San Francisco in the spring is perfect. The weather is usually very nice, and the chance of rain is usually quite slim. What better way to spend a day than learning about landscape photography with the Aperture Academy?
A small group of six met up with instructors Brian Rueb and Scott Donschikowski for our San Francisco and Marin Headlands workshop.
We get groups of all sizes for our workshops, and while most of our groups are larger, we enjoy the smaller groups just as much. It gives us more time to get to know the students and really help them towards achieving their photographic goals.
We started our day at Baker Beach, and it was clear from the beginning that we had a group that was going to get into their work. Two students got their feet wet within moments of us setting up to photograph. One student, who had been on a previous workshop, had brought her water shoes in preparation for the occasion.
The weather was great. White clouds came streaking into the city, giving us a great opportunity to use polarizing filters to help bring out more dynamics in the sky. With a small group, three of which were returning students, it didn't take long to familiarize ourselves with the gear, and get a better idea of where people were at with their photography. Most of the group had a good grasp on their cameras, but wanted to learn more about how to approach a scene, and then adjust the camera to best capture it. We worked on that a lot on the beach, and carried it right on through to our second stop.
Fort Point was a ghost town on this day...which is rare. Normally it is bustling with people, and even finding a parking spot is difficult. But, we rolled right in, parked, and were inside photographing within 5 minutes! The small group was nice, because we didn't have to break up into 2 or 3 groups; we were able to stick together, and everyone was given plenty of time to capture the images the instructors had laid out for them.
As was usual, our plan at the Fort was to take students to a few of our favorite locations in and around the fort, to allow us to work with individuals on some of the areas with more difficult lighting situations, and then we turn them loose to explore the fort on their own and practice what they've learned during the first part of the day.
The interior of the fort is full of very symmetrical architecture, which can be challenging compositionally. We always spend time in a few of the areas and work with students on balanced compositions, and even a bit with filters to help balance some areas of harsh light.
One of the highlights of the fort is the powder room. A low lit, small room, located in the bottom of the fort. We use the area as a place to teach shallow depth of field in photographs, as well as using repetitive shape as an element in imagery. Some of the images the students came away with from this location were amazing!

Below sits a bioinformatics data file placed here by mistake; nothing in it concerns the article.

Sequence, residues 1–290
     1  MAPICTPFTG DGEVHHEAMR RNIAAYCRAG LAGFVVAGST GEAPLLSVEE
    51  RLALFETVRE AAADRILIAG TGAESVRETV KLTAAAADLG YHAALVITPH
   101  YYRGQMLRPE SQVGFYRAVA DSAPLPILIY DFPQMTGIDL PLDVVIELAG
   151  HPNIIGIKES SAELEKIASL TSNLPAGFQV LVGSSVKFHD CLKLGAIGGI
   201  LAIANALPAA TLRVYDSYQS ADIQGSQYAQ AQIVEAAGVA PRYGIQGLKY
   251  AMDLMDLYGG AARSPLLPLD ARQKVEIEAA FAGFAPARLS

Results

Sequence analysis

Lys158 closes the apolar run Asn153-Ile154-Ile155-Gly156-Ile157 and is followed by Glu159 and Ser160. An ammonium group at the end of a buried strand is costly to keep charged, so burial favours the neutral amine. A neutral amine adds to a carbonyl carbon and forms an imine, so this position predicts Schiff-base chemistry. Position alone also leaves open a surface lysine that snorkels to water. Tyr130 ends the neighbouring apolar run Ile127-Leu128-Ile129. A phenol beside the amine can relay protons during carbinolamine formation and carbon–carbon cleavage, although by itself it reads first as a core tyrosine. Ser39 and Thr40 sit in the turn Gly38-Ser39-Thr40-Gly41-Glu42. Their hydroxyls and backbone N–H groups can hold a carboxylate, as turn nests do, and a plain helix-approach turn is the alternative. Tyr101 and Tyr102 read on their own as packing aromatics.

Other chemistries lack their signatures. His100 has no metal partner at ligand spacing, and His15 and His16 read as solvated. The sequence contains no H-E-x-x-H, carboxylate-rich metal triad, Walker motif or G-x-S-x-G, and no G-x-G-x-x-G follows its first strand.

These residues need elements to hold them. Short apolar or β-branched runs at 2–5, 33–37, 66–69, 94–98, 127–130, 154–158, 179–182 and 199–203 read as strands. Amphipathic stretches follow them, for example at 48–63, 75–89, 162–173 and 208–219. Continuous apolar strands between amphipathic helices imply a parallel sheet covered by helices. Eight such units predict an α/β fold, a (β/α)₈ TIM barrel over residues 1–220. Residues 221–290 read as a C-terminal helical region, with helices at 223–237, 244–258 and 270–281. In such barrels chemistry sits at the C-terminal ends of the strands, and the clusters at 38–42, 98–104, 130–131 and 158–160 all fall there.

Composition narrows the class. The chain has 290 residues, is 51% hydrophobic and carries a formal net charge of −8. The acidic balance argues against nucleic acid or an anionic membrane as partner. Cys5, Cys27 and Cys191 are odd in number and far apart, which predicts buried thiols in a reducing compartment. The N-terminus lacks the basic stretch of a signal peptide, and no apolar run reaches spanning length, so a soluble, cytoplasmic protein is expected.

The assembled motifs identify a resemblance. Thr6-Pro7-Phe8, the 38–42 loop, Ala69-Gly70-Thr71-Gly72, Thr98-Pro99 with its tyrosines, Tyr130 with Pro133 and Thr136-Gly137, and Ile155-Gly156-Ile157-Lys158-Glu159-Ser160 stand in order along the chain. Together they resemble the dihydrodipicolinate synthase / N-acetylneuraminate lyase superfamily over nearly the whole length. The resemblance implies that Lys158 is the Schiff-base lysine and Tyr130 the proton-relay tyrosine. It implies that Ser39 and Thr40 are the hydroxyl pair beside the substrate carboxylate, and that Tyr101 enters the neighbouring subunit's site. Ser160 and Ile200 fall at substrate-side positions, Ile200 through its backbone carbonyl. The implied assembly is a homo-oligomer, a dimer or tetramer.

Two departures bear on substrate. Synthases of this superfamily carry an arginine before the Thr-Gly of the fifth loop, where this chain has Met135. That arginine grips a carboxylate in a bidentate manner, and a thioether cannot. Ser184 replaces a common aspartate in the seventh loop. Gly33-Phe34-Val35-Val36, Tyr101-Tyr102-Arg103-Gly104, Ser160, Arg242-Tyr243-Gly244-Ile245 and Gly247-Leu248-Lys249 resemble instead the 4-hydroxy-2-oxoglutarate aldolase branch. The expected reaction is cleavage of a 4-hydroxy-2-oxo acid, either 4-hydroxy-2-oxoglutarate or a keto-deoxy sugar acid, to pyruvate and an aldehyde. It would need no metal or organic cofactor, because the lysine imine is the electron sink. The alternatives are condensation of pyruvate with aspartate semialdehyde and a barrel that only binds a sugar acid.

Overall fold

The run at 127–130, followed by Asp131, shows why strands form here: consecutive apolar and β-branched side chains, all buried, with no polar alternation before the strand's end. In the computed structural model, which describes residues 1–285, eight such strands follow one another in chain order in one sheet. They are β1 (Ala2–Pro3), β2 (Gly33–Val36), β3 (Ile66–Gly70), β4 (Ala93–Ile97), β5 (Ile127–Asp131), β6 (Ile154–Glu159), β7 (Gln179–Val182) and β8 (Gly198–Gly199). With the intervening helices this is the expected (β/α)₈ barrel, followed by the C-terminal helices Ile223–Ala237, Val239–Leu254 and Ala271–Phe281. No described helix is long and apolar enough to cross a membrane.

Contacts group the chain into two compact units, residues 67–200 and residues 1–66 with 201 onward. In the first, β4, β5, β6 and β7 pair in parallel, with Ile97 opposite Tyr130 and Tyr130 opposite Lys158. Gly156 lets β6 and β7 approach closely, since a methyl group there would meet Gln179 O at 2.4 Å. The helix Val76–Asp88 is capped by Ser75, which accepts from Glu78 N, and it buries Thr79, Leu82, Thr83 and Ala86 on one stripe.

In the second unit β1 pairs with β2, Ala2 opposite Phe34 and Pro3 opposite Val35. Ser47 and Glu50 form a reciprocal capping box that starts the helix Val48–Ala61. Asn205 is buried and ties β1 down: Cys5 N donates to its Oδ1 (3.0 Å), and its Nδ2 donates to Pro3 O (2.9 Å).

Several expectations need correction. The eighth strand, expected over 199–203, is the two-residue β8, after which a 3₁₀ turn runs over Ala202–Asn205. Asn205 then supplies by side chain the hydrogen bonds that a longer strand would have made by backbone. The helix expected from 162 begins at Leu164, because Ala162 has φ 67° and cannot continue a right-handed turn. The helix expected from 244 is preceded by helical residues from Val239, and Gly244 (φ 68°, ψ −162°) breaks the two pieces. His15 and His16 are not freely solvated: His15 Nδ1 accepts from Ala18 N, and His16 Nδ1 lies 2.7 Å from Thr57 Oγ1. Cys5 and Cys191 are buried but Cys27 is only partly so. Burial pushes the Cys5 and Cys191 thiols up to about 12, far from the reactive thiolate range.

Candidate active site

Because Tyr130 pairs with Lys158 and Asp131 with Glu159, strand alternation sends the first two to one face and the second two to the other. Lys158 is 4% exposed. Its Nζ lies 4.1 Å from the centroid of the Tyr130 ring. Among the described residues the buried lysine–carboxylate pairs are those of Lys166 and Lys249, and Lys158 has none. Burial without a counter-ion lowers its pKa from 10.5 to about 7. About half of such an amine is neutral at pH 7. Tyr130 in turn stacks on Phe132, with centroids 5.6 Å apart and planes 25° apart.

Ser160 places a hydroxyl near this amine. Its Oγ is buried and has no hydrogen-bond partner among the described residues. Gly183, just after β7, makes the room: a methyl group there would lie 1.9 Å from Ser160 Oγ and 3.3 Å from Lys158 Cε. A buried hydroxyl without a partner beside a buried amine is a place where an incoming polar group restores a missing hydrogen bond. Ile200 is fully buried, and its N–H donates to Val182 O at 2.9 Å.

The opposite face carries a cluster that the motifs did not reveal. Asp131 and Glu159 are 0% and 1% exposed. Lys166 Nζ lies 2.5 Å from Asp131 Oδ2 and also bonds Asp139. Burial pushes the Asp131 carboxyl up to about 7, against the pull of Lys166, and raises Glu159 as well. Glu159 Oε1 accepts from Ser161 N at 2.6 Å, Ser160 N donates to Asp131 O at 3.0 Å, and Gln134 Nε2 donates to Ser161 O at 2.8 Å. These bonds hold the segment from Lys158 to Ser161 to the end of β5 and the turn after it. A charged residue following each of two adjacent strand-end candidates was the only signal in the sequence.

We took a scheduled break for dinner in Sausalito, and because of the small group and the extended daylight hours, we also made a stop to photograph a nice area overlooking the city, that had some old pier pilings in the foreground, before heading into the Marin Headlands for sunset.
Rodeo Beach is an amazing spot for photography if you walk far enough down the beach. We had a perfect tide, and took our class down to some sea stacks. This spot is the culmination of all we've worked on during the day. There are ample rocks to use so students can create an interesting composition from top to bottom.
The lighting was tricky, so it became a great spot to work on using our split graduated filters to balance out exposure. The water, and the colors in the sky, made this another spot worthy of using polarization to help the images. We also used higher apertures and longer exposures to capture dynamic movement in the water, and give the images that "silky" looking water that many photographers enjoy.
The sunset started out a little iffy...but a clearing on the horizon allowed a few blasts of pinks and reds to seep into the shots right at the end. Some of the images the students took even had great sunbursts. The only downside of this location was that one of our students had her camera hit by a wave. Photography is a tough thing sometimes. Getting those great images often requires immersion into your subject, which comes with risk. A word of caution to all photographers: Your gear is always more important than a shot. Never leave your gear. Luckily, most cameras now are weather sealed very well, and hopefully, her camera will bounce back.
When the sun was gone, and the last bits of pink had faded, we set off to shoot the Golden Gate from one of the best vantage points in the Marin Headlands.
San Francisco is so bizarre with the way the light works in the twilight hours. While the beach, only three miles away, was gray and socked in with clouds, the bridge still had some lingering color in the sky, and the clouds were much more dispersed and photogenic. It's a good example of one of the best rules in photography...if the light in one area isn't any good....MOVE!
The class really got some great images of the Golden Gate. The earlier images had some great pinks and blues in the sky, and as night crept in, the sky became dramatic and almost fiery in places. There were lots of nice images showing up on the students' view screens.
This group was dedicated, and really put in a hard day's work gathering images. Many of the students were also hockey fans, and we put the game on and worked hard to make sure we finished on time so the class could still catch the last part of the San Jose Sharks game, which ended the same way our class did...with a win!
Until next time,
Brian, Scott and the rest of the Aperture Academy team
P.S. If you'd like to join us at one of our workshops, you can find the schedule/sign up here.
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